However, despite the novel’s eventual success, a large portion of the film adaptations’ popularity stems from its ability to condense the novel’s bloated sections into an overall storyline focused on an overarching theme of rebellion. Jean Valjean’s rebellion against a cruel and oppressive world is equally as important as the greater insurrection at play in the story’s final moments. A 1998 version, in particular, manages to condense this epic into an instructive work of filmmaking. However, there are a slew of outstanding films based on this material that would be eligible for consideration.
5. Star Wars Episode IV: A New Hope (1977)
Similarly to the grandeur surrounding The Matrix, it is difficult to think of the first Star Wars picture as ultimately a film about revolution. When it comes to reading a story, it’s far easier to get sucked into its universe’s big mythology or even its particular individuals. Even words like “rebel” and “empire” begin to take on new connotations in the Star Wars universe when a long period of time has passed.
Despite the fact that A New Hope attempts to depict the intrinsic cinematic nature of revolutions and the way that they tend to expand in such a way that they engulf everyone who comes near them, few other films have ever managed to do this. Han Solo and Obi-Wan Kenobi, two of the most famous characters in Star Wars, were never really interested in joining the revolution. To avoid being trampled by the growing rebellion against the Empire, they had no choice but to join in or risk being obliterated. Rebellion will always remain a central theme in the Star Wars universe despite everything that follows (great wars and tales of magical abilities, for example).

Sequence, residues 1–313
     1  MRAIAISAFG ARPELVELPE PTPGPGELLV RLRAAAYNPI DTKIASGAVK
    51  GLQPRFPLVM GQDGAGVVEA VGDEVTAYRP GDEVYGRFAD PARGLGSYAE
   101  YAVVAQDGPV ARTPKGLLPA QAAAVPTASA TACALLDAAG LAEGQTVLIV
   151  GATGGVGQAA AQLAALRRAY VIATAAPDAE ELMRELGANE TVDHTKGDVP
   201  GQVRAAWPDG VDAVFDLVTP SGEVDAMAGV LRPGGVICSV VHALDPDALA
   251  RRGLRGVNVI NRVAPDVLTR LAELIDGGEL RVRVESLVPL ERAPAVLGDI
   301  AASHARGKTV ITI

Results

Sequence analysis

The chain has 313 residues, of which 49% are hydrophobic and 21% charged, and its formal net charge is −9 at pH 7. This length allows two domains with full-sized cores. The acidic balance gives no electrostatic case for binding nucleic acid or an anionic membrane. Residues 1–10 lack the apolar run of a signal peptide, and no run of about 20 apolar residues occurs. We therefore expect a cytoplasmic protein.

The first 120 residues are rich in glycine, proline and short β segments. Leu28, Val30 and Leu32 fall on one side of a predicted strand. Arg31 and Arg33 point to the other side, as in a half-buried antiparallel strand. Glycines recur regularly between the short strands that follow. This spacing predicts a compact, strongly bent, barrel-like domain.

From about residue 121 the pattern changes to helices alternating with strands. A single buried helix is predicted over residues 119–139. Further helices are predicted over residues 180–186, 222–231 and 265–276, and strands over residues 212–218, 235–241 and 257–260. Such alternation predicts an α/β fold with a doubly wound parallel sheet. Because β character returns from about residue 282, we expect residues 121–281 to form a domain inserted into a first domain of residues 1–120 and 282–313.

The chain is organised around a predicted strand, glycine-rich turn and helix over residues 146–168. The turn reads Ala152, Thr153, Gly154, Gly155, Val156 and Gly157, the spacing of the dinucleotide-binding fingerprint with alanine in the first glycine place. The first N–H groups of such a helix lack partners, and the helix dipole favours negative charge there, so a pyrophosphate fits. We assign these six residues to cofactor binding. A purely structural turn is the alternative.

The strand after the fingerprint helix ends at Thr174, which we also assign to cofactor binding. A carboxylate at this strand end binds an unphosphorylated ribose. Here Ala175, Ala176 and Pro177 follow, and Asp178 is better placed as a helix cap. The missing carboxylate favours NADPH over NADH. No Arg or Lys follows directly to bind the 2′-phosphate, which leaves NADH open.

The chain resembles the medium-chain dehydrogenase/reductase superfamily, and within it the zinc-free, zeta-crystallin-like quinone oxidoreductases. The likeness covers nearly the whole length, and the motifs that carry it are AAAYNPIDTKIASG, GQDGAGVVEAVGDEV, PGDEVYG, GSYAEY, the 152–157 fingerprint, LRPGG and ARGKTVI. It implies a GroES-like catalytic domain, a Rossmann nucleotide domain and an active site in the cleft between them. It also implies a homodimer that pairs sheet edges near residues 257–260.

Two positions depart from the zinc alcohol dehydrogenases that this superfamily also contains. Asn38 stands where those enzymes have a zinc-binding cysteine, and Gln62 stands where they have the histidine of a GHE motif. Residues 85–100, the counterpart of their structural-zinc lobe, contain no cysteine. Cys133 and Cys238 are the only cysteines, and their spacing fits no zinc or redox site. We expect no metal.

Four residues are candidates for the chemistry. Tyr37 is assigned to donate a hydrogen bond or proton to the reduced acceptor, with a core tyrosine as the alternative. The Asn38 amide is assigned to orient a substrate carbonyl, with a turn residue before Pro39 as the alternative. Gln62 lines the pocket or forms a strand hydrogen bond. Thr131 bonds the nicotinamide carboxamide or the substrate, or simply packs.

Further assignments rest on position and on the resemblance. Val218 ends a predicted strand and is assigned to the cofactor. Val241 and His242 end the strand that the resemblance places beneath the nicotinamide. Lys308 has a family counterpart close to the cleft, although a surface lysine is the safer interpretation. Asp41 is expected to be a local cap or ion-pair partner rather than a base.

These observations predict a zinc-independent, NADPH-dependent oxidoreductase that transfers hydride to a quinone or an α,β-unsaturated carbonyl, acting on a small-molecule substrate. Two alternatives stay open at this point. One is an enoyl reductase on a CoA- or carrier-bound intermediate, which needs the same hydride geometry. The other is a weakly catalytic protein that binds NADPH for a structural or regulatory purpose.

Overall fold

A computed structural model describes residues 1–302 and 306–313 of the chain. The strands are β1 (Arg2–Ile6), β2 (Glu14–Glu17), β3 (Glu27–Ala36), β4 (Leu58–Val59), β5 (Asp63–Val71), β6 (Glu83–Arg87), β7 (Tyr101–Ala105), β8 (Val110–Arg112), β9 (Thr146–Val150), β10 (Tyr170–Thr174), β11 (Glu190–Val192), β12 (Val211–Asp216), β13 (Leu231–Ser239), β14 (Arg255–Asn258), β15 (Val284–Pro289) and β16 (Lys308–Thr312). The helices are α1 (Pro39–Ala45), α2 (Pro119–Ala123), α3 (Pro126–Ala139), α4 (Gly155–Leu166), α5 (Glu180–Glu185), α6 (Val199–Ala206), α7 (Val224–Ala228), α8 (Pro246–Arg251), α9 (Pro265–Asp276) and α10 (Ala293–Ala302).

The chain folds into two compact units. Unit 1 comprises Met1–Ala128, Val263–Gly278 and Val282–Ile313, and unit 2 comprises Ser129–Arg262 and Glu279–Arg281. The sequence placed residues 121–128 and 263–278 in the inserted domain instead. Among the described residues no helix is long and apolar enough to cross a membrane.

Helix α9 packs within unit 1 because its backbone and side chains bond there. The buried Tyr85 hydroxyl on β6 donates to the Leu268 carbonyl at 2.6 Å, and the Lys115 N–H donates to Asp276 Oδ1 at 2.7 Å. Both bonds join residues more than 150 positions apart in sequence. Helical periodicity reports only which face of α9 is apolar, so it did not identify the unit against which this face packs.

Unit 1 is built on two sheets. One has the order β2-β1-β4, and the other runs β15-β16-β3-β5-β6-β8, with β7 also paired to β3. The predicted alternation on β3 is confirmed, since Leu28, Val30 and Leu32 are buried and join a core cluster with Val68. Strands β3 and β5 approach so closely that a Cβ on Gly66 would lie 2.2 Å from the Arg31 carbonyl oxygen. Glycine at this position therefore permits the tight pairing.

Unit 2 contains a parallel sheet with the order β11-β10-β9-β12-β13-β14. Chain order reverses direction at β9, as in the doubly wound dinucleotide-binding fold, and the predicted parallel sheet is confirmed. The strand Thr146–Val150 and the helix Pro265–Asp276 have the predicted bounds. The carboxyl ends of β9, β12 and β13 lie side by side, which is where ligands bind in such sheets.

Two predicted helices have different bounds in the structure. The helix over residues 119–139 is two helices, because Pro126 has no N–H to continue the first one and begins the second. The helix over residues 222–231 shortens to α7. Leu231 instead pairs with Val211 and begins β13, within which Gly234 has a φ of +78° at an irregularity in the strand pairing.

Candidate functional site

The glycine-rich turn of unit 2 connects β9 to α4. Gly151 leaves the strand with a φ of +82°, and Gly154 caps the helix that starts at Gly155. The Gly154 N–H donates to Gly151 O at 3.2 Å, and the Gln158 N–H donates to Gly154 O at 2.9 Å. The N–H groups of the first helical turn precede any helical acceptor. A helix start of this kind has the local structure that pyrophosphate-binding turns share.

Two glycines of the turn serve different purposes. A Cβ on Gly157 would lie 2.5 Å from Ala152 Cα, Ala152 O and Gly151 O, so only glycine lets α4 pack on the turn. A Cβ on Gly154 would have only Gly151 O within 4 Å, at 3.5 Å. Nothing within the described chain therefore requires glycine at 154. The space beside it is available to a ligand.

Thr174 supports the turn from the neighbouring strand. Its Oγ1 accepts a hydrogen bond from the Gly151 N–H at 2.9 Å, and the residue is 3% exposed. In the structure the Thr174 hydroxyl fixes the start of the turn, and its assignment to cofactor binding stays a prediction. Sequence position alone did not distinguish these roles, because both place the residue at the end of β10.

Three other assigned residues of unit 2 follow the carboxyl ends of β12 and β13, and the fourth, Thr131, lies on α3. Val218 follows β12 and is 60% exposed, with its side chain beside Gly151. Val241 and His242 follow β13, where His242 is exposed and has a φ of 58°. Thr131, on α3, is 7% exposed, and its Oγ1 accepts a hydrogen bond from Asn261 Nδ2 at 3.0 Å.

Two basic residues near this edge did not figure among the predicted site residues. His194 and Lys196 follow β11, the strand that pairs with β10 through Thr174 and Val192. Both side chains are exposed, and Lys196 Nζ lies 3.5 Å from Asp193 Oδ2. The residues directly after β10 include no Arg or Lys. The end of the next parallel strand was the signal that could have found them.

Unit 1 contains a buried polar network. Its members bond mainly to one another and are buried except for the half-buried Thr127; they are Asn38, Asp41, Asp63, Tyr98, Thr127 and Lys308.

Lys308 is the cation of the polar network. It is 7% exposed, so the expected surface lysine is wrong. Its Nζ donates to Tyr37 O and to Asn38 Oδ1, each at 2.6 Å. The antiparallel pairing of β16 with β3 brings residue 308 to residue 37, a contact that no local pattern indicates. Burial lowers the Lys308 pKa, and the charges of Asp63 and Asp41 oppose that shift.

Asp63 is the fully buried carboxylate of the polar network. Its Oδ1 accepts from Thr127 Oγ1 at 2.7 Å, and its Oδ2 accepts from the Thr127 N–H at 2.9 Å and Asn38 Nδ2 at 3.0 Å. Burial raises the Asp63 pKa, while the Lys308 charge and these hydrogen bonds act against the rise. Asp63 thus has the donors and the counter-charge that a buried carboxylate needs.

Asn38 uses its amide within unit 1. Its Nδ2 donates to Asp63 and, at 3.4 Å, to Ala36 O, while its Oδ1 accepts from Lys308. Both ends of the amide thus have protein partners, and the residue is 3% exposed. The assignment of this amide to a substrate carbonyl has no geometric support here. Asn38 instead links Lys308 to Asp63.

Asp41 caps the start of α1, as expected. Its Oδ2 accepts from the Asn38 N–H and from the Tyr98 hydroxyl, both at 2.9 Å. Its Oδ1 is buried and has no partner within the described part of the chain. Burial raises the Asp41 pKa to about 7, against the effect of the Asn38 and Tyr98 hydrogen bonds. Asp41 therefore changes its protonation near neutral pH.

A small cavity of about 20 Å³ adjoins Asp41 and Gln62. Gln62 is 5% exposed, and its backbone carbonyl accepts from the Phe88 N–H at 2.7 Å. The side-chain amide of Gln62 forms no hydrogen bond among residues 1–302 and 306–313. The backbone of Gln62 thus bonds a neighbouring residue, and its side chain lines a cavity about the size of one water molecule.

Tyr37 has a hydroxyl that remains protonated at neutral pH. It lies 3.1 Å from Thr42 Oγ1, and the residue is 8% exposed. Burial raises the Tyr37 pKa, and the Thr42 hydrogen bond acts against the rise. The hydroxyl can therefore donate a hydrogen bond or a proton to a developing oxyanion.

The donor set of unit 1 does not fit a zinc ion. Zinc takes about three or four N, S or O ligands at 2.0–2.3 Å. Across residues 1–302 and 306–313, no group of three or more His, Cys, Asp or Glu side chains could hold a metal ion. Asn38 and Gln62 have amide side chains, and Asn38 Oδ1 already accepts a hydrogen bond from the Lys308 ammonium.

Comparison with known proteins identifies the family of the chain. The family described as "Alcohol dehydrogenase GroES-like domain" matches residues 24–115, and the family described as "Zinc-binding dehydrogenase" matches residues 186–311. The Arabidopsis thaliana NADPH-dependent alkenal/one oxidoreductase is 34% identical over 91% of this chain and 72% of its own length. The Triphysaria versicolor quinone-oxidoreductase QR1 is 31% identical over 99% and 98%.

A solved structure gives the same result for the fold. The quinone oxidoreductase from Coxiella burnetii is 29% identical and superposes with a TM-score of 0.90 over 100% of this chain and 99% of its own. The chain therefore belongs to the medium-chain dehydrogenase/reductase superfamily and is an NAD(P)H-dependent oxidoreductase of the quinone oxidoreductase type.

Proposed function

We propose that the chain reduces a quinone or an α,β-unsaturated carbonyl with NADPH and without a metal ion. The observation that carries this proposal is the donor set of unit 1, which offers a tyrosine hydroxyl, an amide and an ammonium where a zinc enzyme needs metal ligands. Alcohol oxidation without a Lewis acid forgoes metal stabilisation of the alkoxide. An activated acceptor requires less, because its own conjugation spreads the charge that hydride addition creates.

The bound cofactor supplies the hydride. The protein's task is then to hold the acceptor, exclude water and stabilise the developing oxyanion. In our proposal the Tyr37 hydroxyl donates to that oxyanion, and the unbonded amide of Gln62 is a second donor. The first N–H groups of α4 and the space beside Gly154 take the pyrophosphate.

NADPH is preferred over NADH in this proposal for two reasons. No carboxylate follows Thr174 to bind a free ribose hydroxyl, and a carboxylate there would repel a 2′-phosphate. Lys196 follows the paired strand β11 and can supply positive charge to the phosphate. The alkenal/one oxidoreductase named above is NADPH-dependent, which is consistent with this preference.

4. The Battle of Algiers (1966)
It’s rare that you get to describe a movie as an “essent
The Battle of Algiers is a “important viewing experience,” and it’s uncommon to find a film that qualifies. For a variety of reasons, it’s important to a number of viewers. When it comes to documenting guerilla combat on film, this is one of the most ambitious and stylistic works ever made. It’s a must-see for moviegoers because it’s an engrossing war film that doesn’t feel quite as long as it is.
However, international leaders and military minds are the most critical audience for this film. Algiers’ insurrection against France may be depicted objectively in Battle of Algiers, but the movie’s representation of the horrors of rebellion and combat nonetheless manages to get under its viewers’ skin, despite the film’s lack of personal involvement. An official screening of the video was held at the Pentagon in 2003, with the stated purpose of showing military leaders “How to win a battle against terrorism and lose the war of ideas. The tactic works, but the strategy fails.”
3. Spartacus (1960)